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Understanding the Aluminum Alloy Designation System
With the growth of aluminum within the welding fabrication industry, and its acceptance as an excellent alternative to steel for many applications, there are increasing requirements for those involved with developing aluminum projects to become more familiar with this group of materials. To fully understand aluminum, it is advisable to start by becoming acquainted with the aluminum identification / designation system, the many aluminum alloys available and their characteristics.
The Aluminum Alloy Temper and Designation System
In North America, The Aluminum Association Inc. is responsible for the allocation and registration of aluminum alloys. Currently there are over 400 wrought aluminum and wrought aluminum alloys and over 200 aluminum alloys in the form of castings and ingots registered with the Aluminum Association. The alloy chemical composition limits for all of these registered alloys are contained in the Aluminum Association’s Teal Book entitled “International Alloy Designations and Chemical Composition Limits for Wrought Aluminum and Wrought Aluminum Alloys” and in their Pink Book entitled “Designations and Chemical Composition Limits for Aluminum Alloys in the Form of Castings and Ingot. These publications can be extremely useful to the welding engineer when developing welding procedures, and when the consideration of chemistry and its association with crack sensitivity is of importance.
Aluminum alloys can be categorized into a number of groups based on the particular material’s characteristics such as its ability to respond to thermal and mechanical treatment and the primary alloying element added to the aluminum alloy. When we consider the numbering / identification system used for aluminum alloys, the above characteristics are identified. The wrought and cast aluminums have different systems of identification; the wrought having a 4-digit system, and the castings having a 3-digit and 1-decimal place system.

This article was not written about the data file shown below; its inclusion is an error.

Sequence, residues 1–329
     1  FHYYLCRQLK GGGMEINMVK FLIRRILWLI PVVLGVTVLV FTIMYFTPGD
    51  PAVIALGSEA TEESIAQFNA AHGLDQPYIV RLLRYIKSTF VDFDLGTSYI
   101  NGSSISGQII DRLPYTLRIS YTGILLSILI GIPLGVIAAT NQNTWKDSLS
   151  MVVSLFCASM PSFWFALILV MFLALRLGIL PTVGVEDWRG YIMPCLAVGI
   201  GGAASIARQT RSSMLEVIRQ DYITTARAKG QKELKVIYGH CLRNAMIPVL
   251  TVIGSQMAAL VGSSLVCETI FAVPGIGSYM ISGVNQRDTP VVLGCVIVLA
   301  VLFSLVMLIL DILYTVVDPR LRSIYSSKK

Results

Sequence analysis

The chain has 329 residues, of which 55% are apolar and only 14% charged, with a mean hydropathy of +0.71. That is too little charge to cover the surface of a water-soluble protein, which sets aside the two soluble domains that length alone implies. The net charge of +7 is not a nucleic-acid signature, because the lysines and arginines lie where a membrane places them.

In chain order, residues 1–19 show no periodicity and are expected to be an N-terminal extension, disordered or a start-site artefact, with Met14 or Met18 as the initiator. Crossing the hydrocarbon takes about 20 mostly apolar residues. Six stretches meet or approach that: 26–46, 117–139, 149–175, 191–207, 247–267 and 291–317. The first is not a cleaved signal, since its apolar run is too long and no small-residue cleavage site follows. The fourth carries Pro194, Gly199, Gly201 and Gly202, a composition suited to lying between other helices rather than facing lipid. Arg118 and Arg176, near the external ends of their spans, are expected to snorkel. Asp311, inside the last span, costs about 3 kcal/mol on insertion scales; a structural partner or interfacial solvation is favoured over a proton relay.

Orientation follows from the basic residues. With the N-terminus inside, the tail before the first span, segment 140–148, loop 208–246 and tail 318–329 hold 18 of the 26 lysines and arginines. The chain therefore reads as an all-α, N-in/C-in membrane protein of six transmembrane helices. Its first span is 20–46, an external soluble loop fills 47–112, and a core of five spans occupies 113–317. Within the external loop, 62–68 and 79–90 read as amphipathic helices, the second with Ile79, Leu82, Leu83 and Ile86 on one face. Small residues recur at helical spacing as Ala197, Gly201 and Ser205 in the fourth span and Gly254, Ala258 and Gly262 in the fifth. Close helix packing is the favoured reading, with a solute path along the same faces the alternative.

Wrought Alloy Designation System
We shall first consider the 4-digit wrought aluminum alloy identification system.
The first digit (Xxxx) indicates the principal alloying element, which has been added to the aluminum alloy and is often used to describe the aluminum alloy series, i.e., 1000 series, 2000 series, 3000 series, up to 8000 series (see table 1).
WROUGHT ALUMINUM ALLOY DESIGNATION SYSTEM
|Alloy Series||Principal Alloying Element|
|1xx||99.000% Minimum Aluminum|
|6xx||Magnesium and Silicon|
The second single digit (xXxx), if different from 0, indicates a modification of the specific alloy, and the third and fourth digits (xxXX) are arbitrary numbers given to identify a specific alloy in the series. Example: In alloy 5183, the number 5 indicates that it is of the magnesium alloy series, the 1 indicates that it is the 1st modification to the original alloy 5083, and the 83 identifies it in the 5xxx series.
The only exception to this alloy numbering system is with the 1xxx series aluminum alloys (pure aluminums) in which case, the last 2 digits provide the minimum aluminum percentage above 99%, i.e., Alloy 1350 (99.50% minimum aluminum).
Cast Alloy Designation
The cast alloy designation system is based on a 3 digit-plus decimal designation xxx.x (i.e. 356.0). The first digit (Xxx.x) indicates the principal alloying element, which has been added to the aluminum alloy (see table 2).
CAST ALUMINUM ALLOY DESIGNATION SYSTEM